"Lincoln," contrary to the insinuation the title makes, is not necessarily a biographical film so much as it is a historical analysis of two of the most important events in the history of the United States — the passage of the 13th Amendment and the end of the Civil War. The movie does not focus on the life of Abraham Lincoln, but rather on his tremendous leadership in the final four months of his presidency.
Spielberg has a tendency to embellish and put forth films that are unbearably sentimental. He exercised great restraint and the final product is all the better as a result. While a certain degree of Hollywood embellishment is inevitably present, the movie is surprisingly accurate and tells the story of a much different Lincoln from the immaculate hero that we came to admire in our youth.
Daniel Day-Lewis, from the opening scene to the film's poignant conclusion, does a brilliant job channeling the nation's 16th president. His depiction of Lincoln is accurate, with very little in the way of frills. Lincoln speaks with a weak, wispy voice, using language that sometimes reveals his humble, backwoods upbringing (although his grammar, for a home-schooled, 19th-century figure, puts most of us to shame).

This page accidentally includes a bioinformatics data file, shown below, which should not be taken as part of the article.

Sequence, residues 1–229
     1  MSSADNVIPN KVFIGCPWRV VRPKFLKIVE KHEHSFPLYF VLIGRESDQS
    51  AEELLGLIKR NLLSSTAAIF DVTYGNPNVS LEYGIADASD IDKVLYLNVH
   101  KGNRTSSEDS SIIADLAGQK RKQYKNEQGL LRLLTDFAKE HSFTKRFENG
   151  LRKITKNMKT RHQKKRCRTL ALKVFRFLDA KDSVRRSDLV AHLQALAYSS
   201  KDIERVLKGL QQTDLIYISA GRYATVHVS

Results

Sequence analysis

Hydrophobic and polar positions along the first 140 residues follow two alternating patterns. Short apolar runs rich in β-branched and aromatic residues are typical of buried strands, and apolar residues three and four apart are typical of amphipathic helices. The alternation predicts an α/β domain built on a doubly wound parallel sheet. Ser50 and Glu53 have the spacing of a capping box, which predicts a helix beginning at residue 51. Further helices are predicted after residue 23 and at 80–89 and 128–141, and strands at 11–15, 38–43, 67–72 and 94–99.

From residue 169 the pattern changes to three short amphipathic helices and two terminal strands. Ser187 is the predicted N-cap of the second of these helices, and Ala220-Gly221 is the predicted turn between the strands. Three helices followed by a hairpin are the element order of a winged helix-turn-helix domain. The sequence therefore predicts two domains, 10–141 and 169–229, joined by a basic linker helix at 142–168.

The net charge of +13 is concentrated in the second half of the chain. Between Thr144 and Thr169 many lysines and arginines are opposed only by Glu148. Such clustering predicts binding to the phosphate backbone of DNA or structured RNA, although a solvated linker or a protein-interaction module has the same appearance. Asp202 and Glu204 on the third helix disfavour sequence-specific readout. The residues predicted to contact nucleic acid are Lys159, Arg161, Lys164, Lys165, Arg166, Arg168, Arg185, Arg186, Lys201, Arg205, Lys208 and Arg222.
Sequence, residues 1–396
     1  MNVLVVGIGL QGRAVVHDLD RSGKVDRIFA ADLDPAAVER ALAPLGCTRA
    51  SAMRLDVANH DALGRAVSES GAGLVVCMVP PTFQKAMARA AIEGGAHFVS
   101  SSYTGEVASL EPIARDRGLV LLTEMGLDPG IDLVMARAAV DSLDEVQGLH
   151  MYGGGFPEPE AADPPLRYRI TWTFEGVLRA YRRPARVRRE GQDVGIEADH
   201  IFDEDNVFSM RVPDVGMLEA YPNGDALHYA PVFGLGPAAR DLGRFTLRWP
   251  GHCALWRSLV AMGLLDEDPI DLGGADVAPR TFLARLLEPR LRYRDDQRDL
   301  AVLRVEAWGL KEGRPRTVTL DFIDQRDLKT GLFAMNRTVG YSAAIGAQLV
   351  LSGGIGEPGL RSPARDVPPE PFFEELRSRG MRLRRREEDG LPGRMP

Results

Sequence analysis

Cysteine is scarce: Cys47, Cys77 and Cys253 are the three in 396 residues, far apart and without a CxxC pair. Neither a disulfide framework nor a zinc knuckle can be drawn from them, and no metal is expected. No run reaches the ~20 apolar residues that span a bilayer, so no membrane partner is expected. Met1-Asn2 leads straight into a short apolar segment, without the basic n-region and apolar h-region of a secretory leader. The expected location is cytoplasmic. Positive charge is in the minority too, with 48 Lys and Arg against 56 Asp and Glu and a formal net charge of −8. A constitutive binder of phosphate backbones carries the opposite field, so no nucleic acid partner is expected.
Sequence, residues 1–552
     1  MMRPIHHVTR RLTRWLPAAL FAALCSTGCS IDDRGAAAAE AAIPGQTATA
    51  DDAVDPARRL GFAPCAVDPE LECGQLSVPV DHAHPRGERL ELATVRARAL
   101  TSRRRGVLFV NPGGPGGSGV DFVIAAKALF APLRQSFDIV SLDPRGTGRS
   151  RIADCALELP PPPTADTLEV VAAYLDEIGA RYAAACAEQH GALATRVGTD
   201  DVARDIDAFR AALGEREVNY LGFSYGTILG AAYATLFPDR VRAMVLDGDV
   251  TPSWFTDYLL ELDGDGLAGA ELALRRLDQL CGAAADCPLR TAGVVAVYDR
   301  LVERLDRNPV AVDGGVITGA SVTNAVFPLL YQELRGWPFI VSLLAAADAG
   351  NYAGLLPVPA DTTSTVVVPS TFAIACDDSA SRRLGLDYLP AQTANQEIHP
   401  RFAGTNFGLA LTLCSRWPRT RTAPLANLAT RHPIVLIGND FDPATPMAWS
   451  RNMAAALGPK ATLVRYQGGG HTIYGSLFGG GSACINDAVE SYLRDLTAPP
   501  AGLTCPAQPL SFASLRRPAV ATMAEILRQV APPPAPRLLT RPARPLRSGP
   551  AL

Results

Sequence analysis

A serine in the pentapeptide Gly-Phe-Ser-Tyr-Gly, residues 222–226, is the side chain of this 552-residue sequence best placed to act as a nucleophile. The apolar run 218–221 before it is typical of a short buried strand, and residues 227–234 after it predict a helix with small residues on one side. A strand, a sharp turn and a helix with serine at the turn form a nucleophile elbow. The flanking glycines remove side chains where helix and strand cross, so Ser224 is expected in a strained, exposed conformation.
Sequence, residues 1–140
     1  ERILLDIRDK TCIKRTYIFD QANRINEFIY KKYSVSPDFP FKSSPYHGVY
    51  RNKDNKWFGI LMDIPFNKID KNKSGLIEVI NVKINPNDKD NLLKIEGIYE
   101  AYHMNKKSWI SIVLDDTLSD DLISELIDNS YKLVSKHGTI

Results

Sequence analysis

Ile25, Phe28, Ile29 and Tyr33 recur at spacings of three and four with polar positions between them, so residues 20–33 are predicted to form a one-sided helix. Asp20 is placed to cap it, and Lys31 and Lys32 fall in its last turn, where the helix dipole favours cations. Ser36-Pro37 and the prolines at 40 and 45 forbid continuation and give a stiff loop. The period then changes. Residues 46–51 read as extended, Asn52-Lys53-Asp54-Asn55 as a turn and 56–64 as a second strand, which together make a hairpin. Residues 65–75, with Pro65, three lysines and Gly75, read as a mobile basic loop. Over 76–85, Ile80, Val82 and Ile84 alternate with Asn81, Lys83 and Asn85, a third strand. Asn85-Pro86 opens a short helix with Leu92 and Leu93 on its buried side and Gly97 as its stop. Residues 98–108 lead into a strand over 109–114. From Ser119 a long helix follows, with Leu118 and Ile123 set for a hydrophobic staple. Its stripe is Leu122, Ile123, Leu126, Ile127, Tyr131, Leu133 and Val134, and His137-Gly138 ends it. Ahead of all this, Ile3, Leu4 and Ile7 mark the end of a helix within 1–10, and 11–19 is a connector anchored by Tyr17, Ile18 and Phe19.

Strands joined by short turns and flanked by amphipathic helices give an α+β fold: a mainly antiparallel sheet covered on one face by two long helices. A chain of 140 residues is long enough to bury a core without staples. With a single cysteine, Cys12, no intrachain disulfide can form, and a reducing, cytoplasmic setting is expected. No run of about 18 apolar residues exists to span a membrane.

As it ends up, Lincoln himself was not above dirty political tactics. He conceals information from Congress and hires lobbyists to win over the support of some racist Democrats. Lincoln does not take this action without a tremendous deal of contemplation, however.
I could not help but leave the theater with a great appreciation for Lincoln's amazing depth of thought and wisdom. At one point in the film, he roams the hallways of the White House at 3 a.m. pondering whether or not he should pardon some young deserters. Indeed, he spends much of his time contemplating; his political enemies interpret this as a lack of decisiveness and intelligence on the president's part. As it ends up, he is much wiser than his enemies could even imagine.
After a while,...